J. C. Ryle described Daniel Rowland (1711–1790) as ‘one of the spiritual giants of the eighteenth century.’ Lady Huntingdon considered him to be ‘second only to Whitefield.’ Howel Harris wrote of him, ‘In his pulpit he is second to St Paul,’ while others acclaimed him as ‘the greatest preacher in Europe.’ Yet he has been one of the least known leaders of that age.
The loss of manuscripts shortly after his death, the Welsh language barrier, and the fact that all his closest friends were also preachers rather than authors, all contributed to leave only a shadowy impression of his greatness. However, after many years of work, Dr Eifion Evans succeeded in breaking through a multitude of difficulties to present for the first time a full-scale biography of Daniel Rowland.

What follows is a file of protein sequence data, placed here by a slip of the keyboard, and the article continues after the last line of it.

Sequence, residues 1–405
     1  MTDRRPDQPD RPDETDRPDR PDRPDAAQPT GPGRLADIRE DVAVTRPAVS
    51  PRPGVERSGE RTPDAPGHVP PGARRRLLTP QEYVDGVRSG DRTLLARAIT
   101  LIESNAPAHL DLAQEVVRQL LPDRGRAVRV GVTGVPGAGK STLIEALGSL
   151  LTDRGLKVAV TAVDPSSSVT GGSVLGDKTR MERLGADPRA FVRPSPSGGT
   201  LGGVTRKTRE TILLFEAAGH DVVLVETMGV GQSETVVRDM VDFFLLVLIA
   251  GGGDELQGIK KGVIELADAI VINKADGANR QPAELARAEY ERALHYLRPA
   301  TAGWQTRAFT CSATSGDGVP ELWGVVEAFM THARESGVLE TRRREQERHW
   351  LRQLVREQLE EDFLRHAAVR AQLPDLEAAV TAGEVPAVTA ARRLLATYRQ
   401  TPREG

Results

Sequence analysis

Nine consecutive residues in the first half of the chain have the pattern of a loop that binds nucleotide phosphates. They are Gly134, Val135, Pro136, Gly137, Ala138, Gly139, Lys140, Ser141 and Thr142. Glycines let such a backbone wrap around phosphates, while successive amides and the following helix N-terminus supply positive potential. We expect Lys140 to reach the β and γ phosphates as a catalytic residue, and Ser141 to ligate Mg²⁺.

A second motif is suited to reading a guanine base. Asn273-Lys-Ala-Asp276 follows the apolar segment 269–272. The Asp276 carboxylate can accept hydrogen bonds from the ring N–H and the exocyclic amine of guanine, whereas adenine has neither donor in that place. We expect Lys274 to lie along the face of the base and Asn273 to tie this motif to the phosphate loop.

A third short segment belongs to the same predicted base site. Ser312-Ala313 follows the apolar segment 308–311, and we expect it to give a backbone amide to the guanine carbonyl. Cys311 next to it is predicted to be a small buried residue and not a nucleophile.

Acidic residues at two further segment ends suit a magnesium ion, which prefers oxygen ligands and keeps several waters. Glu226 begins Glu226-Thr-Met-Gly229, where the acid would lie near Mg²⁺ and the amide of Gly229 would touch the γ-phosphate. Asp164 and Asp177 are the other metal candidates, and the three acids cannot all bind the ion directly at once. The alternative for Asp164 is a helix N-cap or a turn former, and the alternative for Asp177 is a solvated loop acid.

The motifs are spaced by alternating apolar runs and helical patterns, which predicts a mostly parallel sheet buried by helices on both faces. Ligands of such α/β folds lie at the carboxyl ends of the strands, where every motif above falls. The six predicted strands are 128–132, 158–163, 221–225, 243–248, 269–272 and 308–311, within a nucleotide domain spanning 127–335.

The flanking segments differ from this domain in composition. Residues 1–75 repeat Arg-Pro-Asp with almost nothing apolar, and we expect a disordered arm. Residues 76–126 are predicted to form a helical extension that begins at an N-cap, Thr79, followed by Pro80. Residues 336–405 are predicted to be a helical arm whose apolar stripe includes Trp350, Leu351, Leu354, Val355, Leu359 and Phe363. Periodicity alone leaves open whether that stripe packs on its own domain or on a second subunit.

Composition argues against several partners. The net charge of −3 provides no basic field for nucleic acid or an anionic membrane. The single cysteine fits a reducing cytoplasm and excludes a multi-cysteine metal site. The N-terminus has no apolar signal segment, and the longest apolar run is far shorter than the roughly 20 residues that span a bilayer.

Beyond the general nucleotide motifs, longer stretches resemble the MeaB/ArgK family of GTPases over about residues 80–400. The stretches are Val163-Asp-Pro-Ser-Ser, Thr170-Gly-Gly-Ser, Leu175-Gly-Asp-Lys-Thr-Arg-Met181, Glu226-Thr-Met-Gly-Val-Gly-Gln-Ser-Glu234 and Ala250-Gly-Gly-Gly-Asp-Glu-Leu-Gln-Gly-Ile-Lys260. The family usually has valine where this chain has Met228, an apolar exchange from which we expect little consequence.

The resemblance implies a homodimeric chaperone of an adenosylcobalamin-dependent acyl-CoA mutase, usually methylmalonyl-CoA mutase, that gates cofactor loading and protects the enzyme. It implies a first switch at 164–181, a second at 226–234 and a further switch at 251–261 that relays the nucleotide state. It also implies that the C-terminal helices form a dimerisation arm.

J. C. Ryle writes of Daniel Rowland, ‘Never, perhaps, did any preacher exalt Christ more. . . . No British preacher of the eighteenth century kept together in one district such enormous congregations of souls for fifty years as Rowland did.’ And Dr D. M. Lloyd-Jones asks, ‘Has there been preaching which has had anything like the effect of his preaching since those days?’
At death, when reminded that he had been instrumental in the conversion of thousands to Christ, Rowland protested, ‘It is nothing. I die as a poor sinner depending fully and entirely on the merits of a crucified Saviour.’
This volume is a record of revivals, friendships with other leaders, persecutions and divisions, and the birth of a new age for Wales. Amidst it all, Dr Evans excels in showing what made Rowland the preacher and the humble Christian that he was. Dr Evans’ volume not only fills a major gap in church history, it is an inspiring testimony to New Testament Christianity.